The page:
More evidence that coffee is good for you

Throughout the ages, coffee has been called a virtue and a vice for our health. The latest study comes down in favor of virtue: It says that drinking coffee, whether regular or decaf, could reduce the risk of death…

At least some of the health benefits associated with coffee consumption are probably a direct result of the ingredients in coffee, Ding said. It contains chemicals such as lignans and chlorogenic acid that could reduce inflammation and help control blood sugar, both of which could help reduce the risk of heart disease.


Has this coffee thing gone too far?

Introducing Grand Cru Cold Brew

Gesha is perhaps the most well-known single coffee variety in the world, though it is one of the rarest, and certainly the most unusual. Gesha is an ancient Ethiopian heirloom but its future is unwritten – it requires a Herculean effort to grow it, demanding hard work and good luck in equal measure.

The flavor profile is like none other – tea-like with notes of bergamot and tropical fruit – and the coffees rightfully fetch some of the highest prices around.

This year, with the El Puente Gesha, we decided to do something completely different and cold brewed the entire lot. Cold brewing brings out something entirely unique in this coffee – it’s bright and clean, with notes of orange blossom, juice of papaya, and a sweet crème brûlée finish.

And a $28 per bottle price. It is a pretty bottle, though.

If you are going to be in the Portland, Los Angeles, or New York areas in the near future, stop by Stumptown and give it a try. Or, perhaps, pick up a bottle for me.


Yes, coffee is good for you!

The author of this article is a professor of Pediatrics at Indiana University School of Medicine.

When I was a kid, my parents refused to let me drink coffee because they believed it would “stunt my growth.” It turns out, of course, that this is a myth. Studies have failed, again and again, to show that coffee or caffeine consumption are related to reduced bone mass or how tall people are.

Coffee has long had a reputation as being unhealthy. But in almost every single respect that reputation is backward. The potential health benefits are surprisingly large…

…Of course, everything I’m saying here concerns coffee — black coffee. I am not talking about the mostly milk and sugar coffee-based beverages that lots of people consume. These could include, but aren’t limited to, things like a McDonald’s large mocha (500 calories, 17 grams of fat, 72 grams of carbohydrates), a Starbucks Venti White Chocolate Mocha (580 calories, 22 grams of fat, 79 grams of carbs), and a Large Dunkin’ Donuts frozen caramel coffee Coolatta (670 calories, 8 grams of fat, 144 grams of carbs).


Does coffee reduce cardiovascular risk?

Moderate coffee consumption was associated with a decreased risk of high coronary artery calcium (CAC) scores in asymptomatic people, according to a population-based study from Korea.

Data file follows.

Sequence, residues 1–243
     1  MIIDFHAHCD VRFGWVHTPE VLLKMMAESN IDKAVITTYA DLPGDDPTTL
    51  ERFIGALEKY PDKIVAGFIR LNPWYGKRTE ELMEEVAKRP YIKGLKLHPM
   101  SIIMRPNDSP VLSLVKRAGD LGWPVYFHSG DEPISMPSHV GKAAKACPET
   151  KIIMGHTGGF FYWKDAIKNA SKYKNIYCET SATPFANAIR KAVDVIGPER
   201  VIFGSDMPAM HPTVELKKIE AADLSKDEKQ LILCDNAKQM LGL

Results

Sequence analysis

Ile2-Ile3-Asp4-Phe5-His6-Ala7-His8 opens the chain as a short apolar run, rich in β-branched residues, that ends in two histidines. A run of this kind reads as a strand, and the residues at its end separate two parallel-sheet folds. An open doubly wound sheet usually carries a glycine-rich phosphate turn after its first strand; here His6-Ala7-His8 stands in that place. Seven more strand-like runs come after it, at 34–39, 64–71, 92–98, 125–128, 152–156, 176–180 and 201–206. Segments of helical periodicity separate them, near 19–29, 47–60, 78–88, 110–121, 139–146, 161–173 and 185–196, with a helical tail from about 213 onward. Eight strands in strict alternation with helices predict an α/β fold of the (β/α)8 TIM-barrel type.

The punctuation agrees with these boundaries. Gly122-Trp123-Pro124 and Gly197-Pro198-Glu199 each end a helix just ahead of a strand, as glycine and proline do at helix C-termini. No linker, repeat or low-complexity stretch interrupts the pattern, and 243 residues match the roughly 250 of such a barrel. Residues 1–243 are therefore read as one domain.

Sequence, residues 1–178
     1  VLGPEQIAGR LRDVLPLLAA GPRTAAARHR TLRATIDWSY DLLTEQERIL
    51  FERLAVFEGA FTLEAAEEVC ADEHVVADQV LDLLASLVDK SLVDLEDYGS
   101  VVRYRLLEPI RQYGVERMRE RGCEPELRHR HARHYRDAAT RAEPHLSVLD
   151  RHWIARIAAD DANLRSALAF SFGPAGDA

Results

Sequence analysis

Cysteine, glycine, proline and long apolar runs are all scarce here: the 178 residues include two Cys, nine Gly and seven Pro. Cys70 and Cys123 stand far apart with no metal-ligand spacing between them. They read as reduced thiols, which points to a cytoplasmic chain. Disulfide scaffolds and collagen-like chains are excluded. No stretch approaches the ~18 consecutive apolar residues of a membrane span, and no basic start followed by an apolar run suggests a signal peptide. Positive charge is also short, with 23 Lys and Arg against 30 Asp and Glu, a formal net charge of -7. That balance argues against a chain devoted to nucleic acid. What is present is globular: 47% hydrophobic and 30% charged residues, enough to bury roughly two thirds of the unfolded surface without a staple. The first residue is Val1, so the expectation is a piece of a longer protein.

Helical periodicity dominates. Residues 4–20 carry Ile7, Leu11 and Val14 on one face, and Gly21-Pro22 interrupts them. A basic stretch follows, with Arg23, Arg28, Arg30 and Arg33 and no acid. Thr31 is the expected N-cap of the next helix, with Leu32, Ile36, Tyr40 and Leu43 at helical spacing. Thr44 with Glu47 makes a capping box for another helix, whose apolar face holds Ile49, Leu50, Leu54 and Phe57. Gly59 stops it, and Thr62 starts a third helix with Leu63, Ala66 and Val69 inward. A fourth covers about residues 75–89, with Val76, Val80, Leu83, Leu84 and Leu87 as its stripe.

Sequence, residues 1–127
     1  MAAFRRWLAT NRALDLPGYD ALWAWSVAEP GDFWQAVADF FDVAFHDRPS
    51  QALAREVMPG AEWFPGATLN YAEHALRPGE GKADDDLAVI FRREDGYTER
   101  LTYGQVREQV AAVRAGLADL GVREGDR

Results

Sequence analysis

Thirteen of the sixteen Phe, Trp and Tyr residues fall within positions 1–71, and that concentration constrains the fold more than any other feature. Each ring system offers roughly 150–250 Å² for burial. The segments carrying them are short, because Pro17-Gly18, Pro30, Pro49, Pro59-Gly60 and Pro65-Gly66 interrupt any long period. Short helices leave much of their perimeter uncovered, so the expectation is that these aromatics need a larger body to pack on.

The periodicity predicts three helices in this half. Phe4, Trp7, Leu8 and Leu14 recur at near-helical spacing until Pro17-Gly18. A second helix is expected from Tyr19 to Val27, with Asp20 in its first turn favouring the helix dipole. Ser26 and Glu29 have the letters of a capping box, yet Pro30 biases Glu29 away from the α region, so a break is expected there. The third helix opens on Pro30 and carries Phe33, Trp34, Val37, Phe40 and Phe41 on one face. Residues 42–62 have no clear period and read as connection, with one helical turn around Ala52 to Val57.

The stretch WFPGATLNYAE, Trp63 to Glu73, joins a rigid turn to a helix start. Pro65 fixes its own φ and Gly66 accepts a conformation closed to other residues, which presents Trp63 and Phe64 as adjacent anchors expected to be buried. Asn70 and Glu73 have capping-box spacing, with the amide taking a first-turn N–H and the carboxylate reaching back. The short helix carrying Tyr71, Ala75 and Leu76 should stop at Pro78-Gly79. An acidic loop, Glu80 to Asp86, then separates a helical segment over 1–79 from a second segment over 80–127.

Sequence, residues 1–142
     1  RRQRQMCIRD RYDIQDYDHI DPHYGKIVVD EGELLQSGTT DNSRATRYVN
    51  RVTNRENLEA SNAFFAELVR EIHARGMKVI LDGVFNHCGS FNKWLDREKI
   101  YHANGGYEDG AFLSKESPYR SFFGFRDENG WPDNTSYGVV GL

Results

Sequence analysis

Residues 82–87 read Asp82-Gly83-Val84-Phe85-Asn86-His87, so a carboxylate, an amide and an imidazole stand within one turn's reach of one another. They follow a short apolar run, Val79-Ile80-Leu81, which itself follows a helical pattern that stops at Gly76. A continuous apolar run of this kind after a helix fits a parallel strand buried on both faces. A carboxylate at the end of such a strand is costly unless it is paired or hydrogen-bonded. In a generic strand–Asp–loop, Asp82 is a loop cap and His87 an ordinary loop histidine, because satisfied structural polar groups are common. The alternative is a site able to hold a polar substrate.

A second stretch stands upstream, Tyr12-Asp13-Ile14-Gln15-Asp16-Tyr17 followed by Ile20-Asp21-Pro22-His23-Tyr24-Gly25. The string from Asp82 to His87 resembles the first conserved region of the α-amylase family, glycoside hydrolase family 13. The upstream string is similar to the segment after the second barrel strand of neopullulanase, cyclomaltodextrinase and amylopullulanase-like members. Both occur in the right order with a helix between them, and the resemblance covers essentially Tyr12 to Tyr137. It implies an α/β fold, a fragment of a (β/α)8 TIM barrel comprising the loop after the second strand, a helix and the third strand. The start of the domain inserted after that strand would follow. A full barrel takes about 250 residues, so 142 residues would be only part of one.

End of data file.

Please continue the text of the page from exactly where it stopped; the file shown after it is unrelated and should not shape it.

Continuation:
Coronary artery calcium as found on cardiac CT is a subclinical marker of coronary atherosclerosis that may predict future coronary heart disease. This study considered moderate consumption to be 3-5 cups per day.

So, drink your coffee; you might want to leave off the doughnut, though.


Grow your own coffee

There is no coffee grown commercially in the continental United States, but it could be done. In the event of a zombie outbreak (or whatever apocalypse you prefer), the man with coffee would be king.

Although actually a tree, coffee can be grown in containers, pruned regularly and trained to be a 3- to 4-foot tall bush. If left alone, some varieties can grow up to 40 feet. On most plantations, trees are pruned regularly and kept at a manageable height of 6-7 feet for abundant yield and ease of berry picking.




Butter in coffee?

So People Are Putting Butter In Their Coffee Now

I am always learning something new from Ace at AOSHQ.

It’s surprisingly… good. It actually tastes a lot like cream (which is understandable, as it’s basically the same thing), except there is film of butter at the top of the coffee, which gives it a slippery sort of feel.

But it’s not slimy or anything. Just a little different in the texture of the aftertaste.

I may have to try this. It could be a back-up for when I forget to buy cream.


Drink Up: More Coffee Could Lower Diabetes Risk

Go ahead and indulge in that extra cup of coffee. New research suggests that an extra cup of coffee is associated with a lower risk of Type 2 diabetes.

Researchers examined 20 years worth of data on diet, lifestyle, medical conditions and chronic diseases from three large U.S.-based observational studies and found that participants who said they increased their coffee consumption by more than a cup a day over a four year period had an 11 percent lower risk of Type 2 diabetes in the subsequent four years compared with those who made no changes in coffee consumption.